Rescuing a bat, step by step
- Assess the situation
- Contain the bat in a box (this page)
- Call the National Bat Helpline, or take the bat to a vet
The Bat Conservation Trust receives no public funding for the National Bat Helpline’s bat care work. We rely entirely on donations to keep helping people who have found bats. If you can, please donate via our bat care JustGiving page, or email email@example.com to learn about other ways to give.
If you can safely reach the bat, the next step is to contain it in a box. It may sound daunting, but it's really not that complicated! In fact, 90% of people who have contained bats according to our method describe the experience as "easy" or "very easy."
"It was so easy to rescue the bat, and make it safe. It just involved using everyday items from my kitchen, and was no trouble."
– a bat finder who contacted the National Bat Helpline
Start by creating a bat care box. You will need:
- A shoe box, with holes punched in the lid (or container of equivalent size)
- A cloth or teatowel
- A plastic bottle cap (milk bottle tops are perfect)
You may be able to get the bat into the box without touching it, as described below. But if you do need to touch it, please WEAR GLOVES due to the small risk of rabies transmission. You're very unlikely to be bitten or scratched if you follow our procedure, but if it does happen, please seek immediate medical advice.
There’s no evidence that bats in the UK carry any coronaviruses that can be passed to humans. However, we don’t yet know whether humans can pass the Covid-19 virus to wild animals. So, for the bat’s protection, we’d recommend that you cover your nose and mouth when you contain the bat. It doesn’t have to be a proper medical mask – you can use a tea towel or T-shirt.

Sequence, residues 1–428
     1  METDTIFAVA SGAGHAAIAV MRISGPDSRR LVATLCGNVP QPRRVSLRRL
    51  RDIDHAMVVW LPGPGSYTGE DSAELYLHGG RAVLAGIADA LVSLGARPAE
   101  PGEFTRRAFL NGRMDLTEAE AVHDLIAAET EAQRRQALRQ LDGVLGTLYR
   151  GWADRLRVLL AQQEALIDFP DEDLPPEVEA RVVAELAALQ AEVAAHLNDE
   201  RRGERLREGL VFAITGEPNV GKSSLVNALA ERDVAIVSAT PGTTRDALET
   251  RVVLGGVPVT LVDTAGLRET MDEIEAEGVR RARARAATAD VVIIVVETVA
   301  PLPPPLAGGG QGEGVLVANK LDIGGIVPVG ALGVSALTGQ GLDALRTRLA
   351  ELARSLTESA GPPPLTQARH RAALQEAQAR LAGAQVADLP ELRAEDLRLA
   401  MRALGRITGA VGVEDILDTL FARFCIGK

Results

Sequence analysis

- If possible, contain the bat as you would a spider, by placing the box on top of it and sliding a piece of card underneath. If that's not possible, cover the bat with a soft cloth, such as a tea towel, and carefully scoop it up and place it in your bat care box. (It's especially important to wear gloves if you use the second method.)
- Put a tea towel or soft cloth in the box for the bat to hide under.
- Prepare a bat "water dish." Take a small, shallow container such as a plastic milk bottle top or furniture caster and add just a few drops of water (not enough for the bat to drown in). Put this in the box so the bat can help itself to a drink. Make sure the water is topped up regularly.
- Keep the bat indoors somewhere quiet and dark while you call the National Bat Helpline. Please keep pets and children away from the box.
There's no need to give the bat any food, or to put anything in the box besides the cloth and water.
Please don't release the bat before getting further advice.
What if the bat is flying around?
Close the doors in the room it's in, wait for it to land (it will) and then contain it according to the instructions above. Never try to catch a bat in flight, as you may hurt both yourself and the bat.
What if it's too high to reach?